Legal Tussle Over Talking Books

LeapFrog sues Fisher-Price over interactive talking books
Can you spell l-a-w-s-u-i-t?

LeapFrog Enterprises, maker of the wildly popular LeapPad educational toy line, has sued Mattel Inc.'s Fisher-Price for allegedly violating its patented talking book technology.

Anything but a nursery tale, there's b-i-g money at stake. Talking books are expected to be hot sellers this holiday season.

The Emeryville, Calif.-based toy company filed suit Friday in federal court in Wilmington, Del., claiming Fisher-Price is violating its 1998 patent on interactive learning books for toddlers and preschoolers.

LeapFrog has grown into the third-largest U.S. toymaker behind Mattel and Hasbro with its trailblazing LeapPad series, an electronic book-like system that teaches reading skills phonetically and, according to the NPD Group, was last year's best-selling toy line.

Fisher-Price launched a competitive product, the PowerTouch Learning System, in August. The PowerTouch product can be operated with the touch of a finger instead of the stylus pen required by LeapPad.

Margaret Whitfield, toy industry analyst with Brean Murray & Co., said her research indicates PowerTouch is already doing well at retail stores. But she expects both PowerTouch and LeapPad products will experience robust holiday sales. "It's a market big enough to absorb both," she said.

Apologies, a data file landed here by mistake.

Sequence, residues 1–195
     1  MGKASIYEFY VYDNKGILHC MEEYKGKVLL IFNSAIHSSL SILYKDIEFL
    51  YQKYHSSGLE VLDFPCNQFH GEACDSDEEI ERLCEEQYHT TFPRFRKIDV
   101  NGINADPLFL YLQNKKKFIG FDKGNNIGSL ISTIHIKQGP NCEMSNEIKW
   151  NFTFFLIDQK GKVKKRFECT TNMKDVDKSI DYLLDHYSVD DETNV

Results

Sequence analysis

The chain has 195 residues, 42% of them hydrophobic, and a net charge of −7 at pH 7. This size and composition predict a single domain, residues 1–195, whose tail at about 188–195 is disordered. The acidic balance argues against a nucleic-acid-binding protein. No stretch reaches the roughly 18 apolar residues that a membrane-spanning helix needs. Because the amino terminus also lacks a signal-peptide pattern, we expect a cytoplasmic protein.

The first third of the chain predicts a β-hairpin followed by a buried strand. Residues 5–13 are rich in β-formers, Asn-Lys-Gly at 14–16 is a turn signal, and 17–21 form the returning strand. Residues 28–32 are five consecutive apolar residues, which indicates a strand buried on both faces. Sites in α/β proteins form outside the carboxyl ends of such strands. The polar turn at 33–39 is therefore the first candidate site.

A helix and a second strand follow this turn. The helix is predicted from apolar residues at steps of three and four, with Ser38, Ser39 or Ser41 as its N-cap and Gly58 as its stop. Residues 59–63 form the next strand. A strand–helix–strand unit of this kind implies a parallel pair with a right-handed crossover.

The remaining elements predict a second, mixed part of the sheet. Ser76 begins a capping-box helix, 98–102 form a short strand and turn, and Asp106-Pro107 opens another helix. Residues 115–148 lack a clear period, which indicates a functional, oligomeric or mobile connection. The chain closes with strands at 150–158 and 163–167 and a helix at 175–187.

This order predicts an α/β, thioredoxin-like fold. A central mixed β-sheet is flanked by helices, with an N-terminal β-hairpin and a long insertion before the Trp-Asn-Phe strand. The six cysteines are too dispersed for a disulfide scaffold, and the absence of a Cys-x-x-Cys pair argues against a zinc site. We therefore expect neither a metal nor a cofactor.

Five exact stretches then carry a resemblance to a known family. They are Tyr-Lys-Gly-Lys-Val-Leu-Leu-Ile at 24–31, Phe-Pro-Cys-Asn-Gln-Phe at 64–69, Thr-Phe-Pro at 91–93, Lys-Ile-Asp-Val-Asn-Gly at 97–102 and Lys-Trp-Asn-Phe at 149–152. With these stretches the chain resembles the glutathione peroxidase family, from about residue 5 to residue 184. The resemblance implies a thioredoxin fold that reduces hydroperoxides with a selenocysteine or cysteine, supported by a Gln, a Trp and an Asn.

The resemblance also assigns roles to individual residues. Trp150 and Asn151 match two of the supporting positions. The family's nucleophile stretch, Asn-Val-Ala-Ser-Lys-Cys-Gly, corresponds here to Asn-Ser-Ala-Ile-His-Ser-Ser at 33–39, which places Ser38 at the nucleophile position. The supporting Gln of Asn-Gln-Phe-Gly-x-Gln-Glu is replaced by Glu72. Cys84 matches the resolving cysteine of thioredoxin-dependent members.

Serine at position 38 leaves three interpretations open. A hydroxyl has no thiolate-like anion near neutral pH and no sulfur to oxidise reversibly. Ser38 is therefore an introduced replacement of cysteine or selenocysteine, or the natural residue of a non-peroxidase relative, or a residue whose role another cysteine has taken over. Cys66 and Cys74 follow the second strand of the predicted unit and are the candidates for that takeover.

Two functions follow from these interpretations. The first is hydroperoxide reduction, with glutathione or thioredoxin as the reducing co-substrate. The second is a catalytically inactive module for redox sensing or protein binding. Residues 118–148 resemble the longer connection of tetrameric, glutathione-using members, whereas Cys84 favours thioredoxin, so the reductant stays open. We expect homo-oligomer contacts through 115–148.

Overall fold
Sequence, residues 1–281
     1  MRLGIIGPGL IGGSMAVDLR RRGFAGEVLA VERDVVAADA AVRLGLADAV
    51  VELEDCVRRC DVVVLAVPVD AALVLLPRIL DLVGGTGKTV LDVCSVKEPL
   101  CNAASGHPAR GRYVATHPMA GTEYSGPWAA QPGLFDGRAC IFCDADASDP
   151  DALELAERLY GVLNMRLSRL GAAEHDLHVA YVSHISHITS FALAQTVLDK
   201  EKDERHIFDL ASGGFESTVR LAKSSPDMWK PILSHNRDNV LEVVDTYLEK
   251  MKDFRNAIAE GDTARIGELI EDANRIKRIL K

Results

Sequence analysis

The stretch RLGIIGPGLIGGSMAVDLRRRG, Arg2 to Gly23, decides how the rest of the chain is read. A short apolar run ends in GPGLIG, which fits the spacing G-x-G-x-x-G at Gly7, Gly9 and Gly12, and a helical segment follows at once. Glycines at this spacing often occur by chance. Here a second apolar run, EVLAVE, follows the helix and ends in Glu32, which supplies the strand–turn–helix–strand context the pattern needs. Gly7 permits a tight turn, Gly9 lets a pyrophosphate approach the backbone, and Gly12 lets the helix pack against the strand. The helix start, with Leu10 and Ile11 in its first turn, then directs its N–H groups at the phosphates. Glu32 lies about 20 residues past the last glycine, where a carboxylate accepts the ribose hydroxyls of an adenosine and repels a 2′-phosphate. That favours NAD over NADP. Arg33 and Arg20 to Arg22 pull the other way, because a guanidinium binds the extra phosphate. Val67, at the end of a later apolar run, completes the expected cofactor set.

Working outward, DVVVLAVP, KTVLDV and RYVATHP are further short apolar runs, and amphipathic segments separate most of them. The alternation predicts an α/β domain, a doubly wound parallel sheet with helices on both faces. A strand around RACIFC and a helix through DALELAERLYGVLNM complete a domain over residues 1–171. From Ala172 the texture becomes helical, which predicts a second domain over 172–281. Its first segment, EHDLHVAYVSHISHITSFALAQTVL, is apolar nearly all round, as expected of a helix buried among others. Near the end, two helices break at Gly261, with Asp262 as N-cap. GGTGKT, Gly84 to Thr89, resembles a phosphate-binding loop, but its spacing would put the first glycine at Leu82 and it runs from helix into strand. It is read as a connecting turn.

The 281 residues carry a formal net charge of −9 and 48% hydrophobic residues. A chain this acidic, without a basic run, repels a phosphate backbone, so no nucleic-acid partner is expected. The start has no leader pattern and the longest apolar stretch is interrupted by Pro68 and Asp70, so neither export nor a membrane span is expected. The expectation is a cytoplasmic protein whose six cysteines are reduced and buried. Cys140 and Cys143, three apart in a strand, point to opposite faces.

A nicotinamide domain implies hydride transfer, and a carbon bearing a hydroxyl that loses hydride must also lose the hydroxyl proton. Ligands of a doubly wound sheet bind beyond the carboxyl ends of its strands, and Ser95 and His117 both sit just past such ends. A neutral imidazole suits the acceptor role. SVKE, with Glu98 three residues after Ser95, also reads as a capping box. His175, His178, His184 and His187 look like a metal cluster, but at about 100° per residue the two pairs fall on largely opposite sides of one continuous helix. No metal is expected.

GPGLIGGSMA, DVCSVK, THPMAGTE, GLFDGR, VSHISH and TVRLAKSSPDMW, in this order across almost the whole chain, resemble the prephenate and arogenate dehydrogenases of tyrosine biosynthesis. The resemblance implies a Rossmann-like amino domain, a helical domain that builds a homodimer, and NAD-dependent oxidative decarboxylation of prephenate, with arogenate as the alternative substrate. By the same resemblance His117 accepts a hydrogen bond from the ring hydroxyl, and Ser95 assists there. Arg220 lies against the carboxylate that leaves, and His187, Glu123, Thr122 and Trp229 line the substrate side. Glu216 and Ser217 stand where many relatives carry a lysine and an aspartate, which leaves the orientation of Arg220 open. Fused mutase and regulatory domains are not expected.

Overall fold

No court dates have been set yet, but the lawsuit seeks a court order to stop Fisher-Price from selling PowerTouch. LeapFrog also asks for unspecified damages for being "irreparably injured."

Until Fisher-Price's recent entry, LeapFrog had been "virtually unchallenged" in the electronic interactive book category that it created with LeapPad's debut in 1999, said Chris Bryne, an independent toy industry consultant.

"It took a company the size of Mattel to even mount some competition here," Bryne said.

LeapFrog said it commanded about a 75 percent share in that preschool toy segment last year, according to Securities and Exchange Commission documents. And LeapPad products accounted for 48 percent of LeapFrog's net sales of $532 million in 2002.

Fisher-Price spokeswoman Laurie Oravec said Tuesday that the East Aurora, N.Y.-based company went through "a significant amount of effort" to make sure the product did not violate any relevant patents and even applied for two patents of its own for the "automatic page recognition" and "finger-touch activation" features in its PowerTouch product.

"We do not believe we are infringing the LeapFrog patent," Oravec said.

LeapFrog's 1998 patent is for "an interactive learning device having electronic circuitry for generating an audible sound in response to touch contact with the device," according to the lawsuit.

The patent cited in the lawsuit is one of 37 that LeapFrog had as of Dec. 31, 2002, according to Securities and Exchange Commission documents. The company also has 76 more pending approval.

"LeapFrog values its intellectual property assets and is committed to vigorously defending them," spokesman Phil O'Shaughnessy said Tuesday, declining to comment further.

Michael Milken, a central figure in an investment debacle that rocked Wall Street in the 1980s, controls a majority stake in LeapFrog along with his brother, Lowell, and Larry Ellison, the chief executive of software giant Oracle Corp.